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Neuropsychological Aspects of Frontal Lobe Function Russell M. Bauer, Ph.D. February 27, 2006.

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Presentation on theme: "Neuropsychological Aspects of Frontal Lobe Function Russell M. Bauer, Ph.D. February 27, 2006."— Presentation transcript:

1 Neuropsychological Aspects of Frontal Lobe Function Russell M. Bauer, Ph.D. February 27, 2006

2 Important Concepts Phylogenetically newest area of cortex Exquisite connectivity based on feedback loops Inhibitory/excitatory control Farthest removed from external environment (reflective, not reflexive) Highly preprocessed, convergent projections (emergent concepts) Only neocortical representation of the limbic system Motivational/emotional interaction (goal-direction)

3 Symptoms of Frontal Lobe Damage Elementary Neurological Defects Skilled Movement Disorders Language/Speech Disorders Memory Disorders Executive Deficits Neuropsychiatric Disturbances

4 Frontal Lobe Cortex Functional subdivisions: –Lateral (4, 6, 8-10, 43- 47) –Medial (6, 8-12, 24, 25, 32, 22) –Inferior (11-15, 25, 47) Another division: –Motor (4) –Premotor (6, 8, 43, 44, 45) –Prefrontal (9-15, 46, 47)

5 Neuropsychological Manifestations of Frontal Lobe Lesions III Lateral Prefrontal Region (8,9,46) Lesions in this region produce impairment in a variety of “executive” skills that cut across domains. Some degree of material-specificity is present, but relatively weak. A) Fluency: impaired verbal fluency (left) or design fluency (right) B) Memory impairments: defective recency judgment, metamemory defects, difficulties in memory monitoring C) Impaired abstract concept formation and hypothesis testing D) Defective planning, motor sequencing E) Defective cognitive judgement and estimation Tranel, 1992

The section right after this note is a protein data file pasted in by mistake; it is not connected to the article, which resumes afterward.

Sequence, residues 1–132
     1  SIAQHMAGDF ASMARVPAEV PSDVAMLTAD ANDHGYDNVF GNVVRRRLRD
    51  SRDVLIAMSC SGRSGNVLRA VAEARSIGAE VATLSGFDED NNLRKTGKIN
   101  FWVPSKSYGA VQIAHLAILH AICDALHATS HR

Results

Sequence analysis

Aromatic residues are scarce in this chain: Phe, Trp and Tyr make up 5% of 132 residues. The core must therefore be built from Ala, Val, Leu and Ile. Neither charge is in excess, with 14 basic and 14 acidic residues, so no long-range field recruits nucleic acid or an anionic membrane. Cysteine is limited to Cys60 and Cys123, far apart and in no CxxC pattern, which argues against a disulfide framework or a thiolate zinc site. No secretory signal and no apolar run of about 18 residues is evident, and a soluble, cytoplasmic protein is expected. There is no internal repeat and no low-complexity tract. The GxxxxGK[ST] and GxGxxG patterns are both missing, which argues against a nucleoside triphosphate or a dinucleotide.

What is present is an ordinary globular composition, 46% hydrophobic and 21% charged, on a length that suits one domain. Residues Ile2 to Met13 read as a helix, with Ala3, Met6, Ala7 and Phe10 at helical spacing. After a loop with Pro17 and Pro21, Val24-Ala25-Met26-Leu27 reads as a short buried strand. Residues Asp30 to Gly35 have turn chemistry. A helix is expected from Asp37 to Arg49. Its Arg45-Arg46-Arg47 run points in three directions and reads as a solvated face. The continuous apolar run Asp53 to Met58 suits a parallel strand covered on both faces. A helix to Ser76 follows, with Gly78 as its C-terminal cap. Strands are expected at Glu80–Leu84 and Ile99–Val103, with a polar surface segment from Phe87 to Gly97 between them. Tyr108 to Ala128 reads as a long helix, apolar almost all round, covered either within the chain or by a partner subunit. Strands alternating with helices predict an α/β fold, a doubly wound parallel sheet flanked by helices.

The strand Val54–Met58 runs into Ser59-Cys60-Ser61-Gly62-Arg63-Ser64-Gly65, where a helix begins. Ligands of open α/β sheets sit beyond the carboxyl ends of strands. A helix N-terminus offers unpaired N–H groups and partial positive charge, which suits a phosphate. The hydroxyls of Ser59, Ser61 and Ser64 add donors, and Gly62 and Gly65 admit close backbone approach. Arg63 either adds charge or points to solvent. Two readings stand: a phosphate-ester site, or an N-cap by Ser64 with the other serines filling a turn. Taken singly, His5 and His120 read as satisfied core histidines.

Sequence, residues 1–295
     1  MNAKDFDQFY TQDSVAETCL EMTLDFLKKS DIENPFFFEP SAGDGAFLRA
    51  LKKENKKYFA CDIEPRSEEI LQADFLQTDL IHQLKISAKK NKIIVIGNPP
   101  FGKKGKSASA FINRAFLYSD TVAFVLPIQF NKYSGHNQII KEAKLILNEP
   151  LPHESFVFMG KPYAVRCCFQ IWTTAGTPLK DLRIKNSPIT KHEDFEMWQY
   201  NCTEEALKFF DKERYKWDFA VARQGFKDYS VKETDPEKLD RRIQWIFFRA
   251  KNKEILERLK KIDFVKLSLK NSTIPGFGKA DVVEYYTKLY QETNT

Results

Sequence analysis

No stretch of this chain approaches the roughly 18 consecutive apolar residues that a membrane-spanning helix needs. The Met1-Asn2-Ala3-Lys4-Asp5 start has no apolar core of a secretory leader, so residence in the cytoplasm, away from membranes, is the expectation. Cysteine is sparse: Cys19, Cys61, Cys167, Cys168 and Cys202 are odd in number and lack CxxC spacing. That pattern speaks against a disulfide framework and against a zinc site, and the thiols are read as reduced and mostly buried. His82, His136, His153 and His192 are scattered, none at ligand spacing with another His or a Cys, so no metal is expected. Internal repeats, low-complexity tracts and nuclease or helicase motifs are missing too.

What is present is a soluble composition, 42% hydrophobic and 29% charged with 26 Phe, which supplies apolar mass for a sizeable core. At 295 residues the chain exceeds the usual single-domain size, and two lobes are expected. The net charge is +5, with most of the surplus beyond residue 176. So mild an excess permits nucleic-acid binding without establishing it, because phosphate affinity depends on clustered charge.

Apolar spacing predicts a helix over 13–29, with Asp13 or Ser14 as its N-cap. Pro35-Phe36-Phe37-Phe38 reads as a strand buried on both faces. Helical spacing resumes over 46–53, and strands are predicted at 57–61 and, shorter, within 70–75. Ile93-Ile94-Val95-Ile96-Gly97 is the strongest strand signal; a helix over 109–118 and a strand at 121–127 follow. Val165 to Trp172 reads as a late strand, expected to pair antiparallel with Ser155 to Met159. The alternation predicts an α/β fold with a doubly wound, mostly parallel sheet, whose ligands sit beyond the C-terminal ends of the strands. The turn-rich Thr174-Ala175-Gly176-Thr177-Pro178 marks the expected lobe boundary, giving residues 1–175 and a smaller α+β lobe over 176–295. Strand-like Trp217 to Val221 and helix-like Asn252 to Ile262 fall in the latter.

6 Neuropsychological Manifestations of Frontal Lesions I Frontal Operculum (44,45,47) A) Left: Broca’s aphasia B) Right: ‘expressive’ aprosodia Superior Mesial (mesial 6, 24) A) Left: akinetic mutism B) Right: akinetic mutism Bilateral lesions of mesial SMA (6) and anterior cingulate (24) produce more severe form of akinetic mutism Tranel, 1992

7 Neuropsychological Manifestations of Frontal Lobe Lesions II Inferior Mesial Region A) Orbital Region (10, 11) Lesions in this region produce disinhibition, altered social conduct, “acquired sociopathy”, and other disturbances due to impairment in fronto-limbic relationships B) Basal Forebrain (posterior extension of inferior mesial region, including diagonal band of Broca, nucleus accumbens, septal nuclei, substantia innominata) Lesions here produce prominent anterograde amnesia with confabulation (material specificity present, but relatively weak) Tranel, 1992




11 General Organization of Frontal cortical- striatal-pallidal-thalamic-cortical loops

12 Dorsolateral Loop Critical for executive function Damage produces –Inflexibility –Planning –Problem-solving –Goal-directed behavior

13 Orbitofrontal Loop Involved in social and emotional functioning Damage produces: –Disinhibition –Hyperactivity –Emotional lability –Aggressiveness –Reduce self- awareness

14 Medial Frontal Loop Important in behavioral activation Damage results in –Akinetic mutism –Abulia –Impairments in spontaneous initiation of behavior

15 Neuropsychological Domains motor activity attention personality/emotion perceptual organization spatial/visual function memory cognitive skills executive skills

16 Elementary Neurological Deficits in Frontal Syndromes Contralesional hemiparesis Re-emergence of primitive reflexes Gaze abnormalities (spontaneous eye- movements, conjugate gaze)

17 Frontal Lesions and “Personality” (overall ‘emotional tone’) orbital syndrome –emotional lability –disinhibition –exaggeration of pre-existing personality traits medial/lateral syndrome –abulia/apathy –depression-like presentation –defects in self-initiation

18 Phineas Gage (Harlow, 1868) “Prior to his accident, he was a religious, family-loving, honest and hard-working man who was described after his frontal injury as ‘fitful, irreverent, indulging at times in the grossest profanity…impatient of restraint or advice when it conflicts with his desires…obstinate, devising many plans of operation, which are no sooner arranged than they are abandoned in turn for others appearing more feasible’” (Benson, 1994)

19 Frontal Lobe Symptoms Relevant to Emotion and Personality NOT independent of cognitive impairments Poor self-monitoring and self-reflection Defective arousal and orienting responses Affective changes –Witzelsucht and Moria (Oppenheim) –Depression with lack of concern “Acquired sociopathy” (Damasio) – unconcern for punishment